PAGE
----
A former Republican congressman from Concord who chaired the North Carolina GOP until this spring pleaded guilty Wednesday to lying to the FBI while the bureau investigated an alleged bribery scheme that has roiled the already scandal-plagued state party.

Robert “Robin” Hayes’ plea deal requires him to cooperate with federal prosecutors and potentially testify against three other men indicted with him in March, according to documents. Hayes, 74, was accused of participating in a plot to bribe a state insurance commissioner with $2 million toward a re-election campaign — in exchange for the removal of another official involved in the regulation of GOP donor and co-defendant Greg Lindberg’s private-equity company, according to the indictment.

Hayes initially faced three counts of making false statements as well as conspiracy and bribery, and he and his three co-defendants pleaded not guilty at first. But with Wednesday’s plea agreement, Hayes admitted to lying to federal agents in August when he said he had never talked with the insurance commissioner about “personnel or personnel problems” or about his co-defendants Lindberg, founder and chairman of the firm Eli Global, and John Gray, a consultant.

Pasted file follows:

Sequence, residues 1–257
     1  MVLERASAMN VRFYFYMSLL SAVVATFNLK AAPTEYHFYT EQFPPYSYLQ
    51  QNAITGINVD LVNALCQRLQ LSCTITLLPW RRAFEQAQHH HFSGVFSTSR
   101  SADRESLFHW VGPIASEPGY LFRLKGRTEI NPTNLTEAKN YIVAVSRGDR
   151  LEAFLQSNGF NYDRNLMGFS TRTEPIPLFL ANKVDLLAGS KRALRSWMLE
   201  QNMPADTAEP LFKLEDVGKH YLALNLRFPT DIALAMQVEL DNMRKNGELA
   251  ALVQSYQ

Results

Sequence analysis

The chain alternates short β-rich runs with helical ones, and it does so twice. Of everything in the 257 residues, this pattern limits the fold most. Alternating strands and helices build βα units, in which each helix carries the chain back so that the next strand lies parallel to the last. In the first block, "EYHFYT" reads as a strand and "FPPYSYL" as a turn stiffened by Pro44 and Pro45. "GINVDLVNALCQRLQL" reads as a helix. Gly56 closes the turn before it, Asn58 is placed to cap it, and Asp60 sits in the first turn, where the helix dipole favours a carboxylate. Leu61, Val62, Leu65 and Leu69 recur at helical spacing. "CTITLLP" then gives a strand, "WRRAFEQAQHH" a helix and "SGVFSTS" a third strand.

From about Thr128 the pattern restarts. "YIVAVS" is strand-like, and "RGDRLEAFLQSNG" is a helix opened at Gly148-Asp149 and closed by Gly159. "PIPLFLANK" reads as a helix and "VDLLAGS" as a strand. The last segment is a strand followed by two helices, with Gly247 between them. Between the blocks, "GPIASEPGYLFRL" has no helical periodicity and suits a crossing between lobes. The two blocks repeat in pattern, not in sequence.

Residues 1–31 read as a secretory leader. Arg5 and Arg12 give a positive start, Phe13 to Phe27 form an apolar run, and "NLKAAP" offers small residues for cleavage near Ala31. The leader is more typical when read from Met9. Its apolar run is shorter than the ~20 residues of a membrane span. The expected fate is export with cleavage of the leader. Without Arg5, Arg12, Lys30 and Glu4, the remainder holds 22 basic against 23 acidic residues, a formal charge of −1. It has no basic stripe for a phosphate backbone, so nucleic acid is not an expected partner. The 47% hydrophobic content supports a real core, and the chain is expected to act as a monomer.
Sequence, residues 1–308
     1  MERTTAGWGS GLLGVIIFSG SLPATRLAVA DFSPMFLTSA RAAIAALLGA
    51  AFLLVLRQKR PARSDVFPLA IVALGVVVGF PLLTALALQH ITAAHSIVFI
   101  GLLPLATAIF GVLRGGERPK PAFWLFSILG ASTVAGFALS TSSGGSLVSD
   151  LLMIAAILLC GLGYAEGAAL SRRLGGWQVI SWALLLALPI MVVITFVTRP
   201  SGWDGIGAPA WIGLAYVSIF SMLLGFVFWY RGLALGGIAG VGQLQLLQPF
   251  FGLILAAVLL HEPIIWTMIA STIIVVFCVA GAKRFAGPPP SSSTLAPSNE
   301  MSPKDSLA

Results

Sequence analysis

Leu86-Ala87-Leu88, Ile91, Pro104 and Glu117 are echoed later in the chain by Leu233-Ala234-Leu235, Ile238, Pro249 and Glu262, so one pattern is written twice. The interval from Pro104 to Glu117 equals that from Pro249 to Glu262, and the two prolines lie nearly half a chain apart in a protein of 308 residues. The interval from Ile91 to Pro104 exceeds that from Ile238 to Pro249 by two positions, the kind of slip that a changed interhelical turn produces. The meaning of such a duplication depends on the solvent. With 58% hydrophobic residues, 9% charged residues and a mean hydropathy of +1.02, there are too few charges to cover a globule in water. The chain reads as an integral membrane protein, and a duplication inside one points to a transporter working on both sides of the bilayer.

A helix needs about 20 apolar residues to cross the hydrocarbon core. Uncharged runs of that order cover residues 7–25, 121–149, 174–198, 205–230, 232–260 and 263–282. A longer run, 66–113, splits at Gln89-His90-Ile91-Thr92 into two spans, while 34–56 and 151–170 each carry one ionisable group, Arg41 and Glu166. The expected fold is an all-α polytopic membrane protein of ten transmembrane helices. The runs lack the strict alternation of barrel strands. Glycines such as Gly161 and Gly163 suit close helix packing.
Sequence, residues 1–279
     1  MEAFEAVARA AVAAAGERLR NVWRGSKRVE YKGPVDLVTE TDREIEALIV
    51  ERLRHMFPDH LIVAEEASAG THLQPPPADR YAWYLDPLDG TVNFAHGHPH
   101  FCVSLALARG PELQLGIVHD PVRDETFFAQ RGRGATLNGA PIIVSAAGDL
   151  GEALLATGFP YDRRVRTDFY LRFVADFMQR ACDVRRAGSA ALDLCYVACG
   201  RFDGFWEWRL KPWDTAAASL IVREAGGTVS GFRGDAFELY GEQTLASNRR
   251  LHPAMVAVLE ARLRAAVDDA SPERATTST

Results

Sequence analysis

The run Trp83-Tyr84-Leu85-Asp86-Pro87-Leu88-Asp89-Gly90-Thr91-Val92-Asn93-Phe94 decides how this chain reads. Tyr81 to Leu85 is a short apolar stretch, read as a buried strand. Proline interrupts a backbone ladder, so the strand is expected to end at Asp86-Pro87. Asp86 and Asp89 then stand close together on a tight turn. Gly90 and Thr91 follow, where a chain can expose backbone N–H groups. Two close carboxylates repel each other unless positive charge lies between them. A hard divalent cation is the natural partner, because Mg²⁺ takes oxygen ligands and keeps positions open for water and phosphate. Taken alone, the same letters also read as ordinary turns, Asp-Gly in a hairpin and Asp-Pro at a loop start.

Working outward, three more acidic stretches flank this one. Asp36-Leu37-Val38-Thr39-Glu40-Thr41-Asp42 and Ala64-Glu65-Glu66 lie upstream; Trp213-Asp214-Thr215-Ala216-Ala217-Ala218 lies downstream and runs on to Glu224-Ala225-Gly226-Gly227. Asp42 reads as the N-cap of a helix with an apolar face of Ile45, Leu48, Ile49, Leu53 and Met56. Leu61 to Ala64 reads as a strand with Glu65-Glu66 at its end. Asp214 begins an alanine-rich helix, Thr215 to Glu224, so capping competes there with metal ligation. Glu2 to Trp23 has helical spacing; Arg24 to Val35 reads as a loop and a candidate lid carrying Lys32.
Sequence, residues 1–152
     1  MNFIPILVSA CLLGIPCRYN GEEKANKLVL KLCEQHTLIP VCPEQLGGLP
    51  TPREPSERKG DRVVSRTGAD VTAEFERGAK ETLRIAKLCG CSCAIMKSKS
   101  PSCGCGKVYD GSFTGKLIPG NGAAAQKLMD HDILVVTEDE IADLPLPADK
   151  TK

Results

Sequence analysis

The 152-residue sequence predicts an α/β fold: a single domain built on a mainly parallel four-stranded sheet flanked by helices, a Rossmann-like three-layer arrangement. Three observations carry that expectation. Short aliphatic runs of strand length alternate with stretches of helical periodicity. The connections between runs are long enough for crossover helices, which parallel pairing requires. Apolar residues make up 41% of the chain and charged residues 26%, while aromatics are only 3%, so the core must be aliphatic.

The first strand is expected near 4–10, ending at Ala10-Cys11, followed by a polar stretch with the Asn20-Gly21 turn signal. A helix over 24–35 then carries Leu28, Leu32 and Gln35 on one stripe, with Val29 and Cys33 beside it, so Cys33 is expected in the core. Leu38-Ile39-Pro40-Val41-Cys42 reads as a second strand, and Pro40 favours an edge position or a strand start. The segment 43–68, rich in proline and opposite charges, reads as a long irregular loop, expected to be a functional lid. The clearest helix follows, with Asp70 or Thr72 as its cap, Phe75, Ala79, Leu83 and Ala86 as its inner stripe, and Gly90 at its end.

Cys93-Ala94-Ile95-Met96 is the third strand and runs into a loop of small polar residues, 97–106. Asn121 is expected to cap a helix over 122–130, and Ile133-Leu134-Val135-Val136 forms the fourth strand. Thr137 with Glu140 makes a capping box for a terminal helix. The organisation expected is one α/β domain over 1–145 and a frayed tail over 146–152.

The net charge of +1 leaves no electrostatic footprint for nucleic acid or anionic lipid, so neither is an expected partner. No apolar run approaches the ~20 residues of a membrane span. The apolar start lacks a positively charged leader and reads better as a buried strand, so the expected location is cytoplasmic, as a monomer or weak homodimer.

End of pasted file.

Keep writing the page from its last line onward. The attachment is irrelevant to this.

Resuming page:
“Today was a big step forward,” Hayes attorney Kearns Davis said in a statement Wednesday. “Robin looks forward to completing this process and moving ahead.”

Hayes still faces up to six months in prison, but the plea deal could mean that he emerges from the bribery scandal with no prison time, former FBI official and Charlotte lawyer Chris Swecker told The Charlotte Observer. Plea documents say the government intends to “recommend a sentence at the low end of the applicable guideline range.”

“It’s a real astute, savvy move on (Hayes’) part,” Swecker said, according to the Observer.

The March indictment, which also names Eli Global executive John Palermo, describes a May 2018 phone call with Insurance Commissioner Mike Causey in which Hayes allegedly mentions millions pledged by Lindberg and Gray along with their desired staffing change.

“There were some personnel issues,” Hayes told Causey, according to court documents, going on to reference a woman whom “they would like to see put back into that Department to make sure that things got done that needed to get done.”

Lindberg, Gray and Palermo still face bribery and conspiracy charges, according to the Justice Department. Their trial was set to begin Nov. 18, but attorneys for Gray and Palermo have sought a delay until February to provide more prep time for what the lawyers called an “unusual and complex” case, according to the Observer. The case reportedly involves more than 2 million pages of documents.

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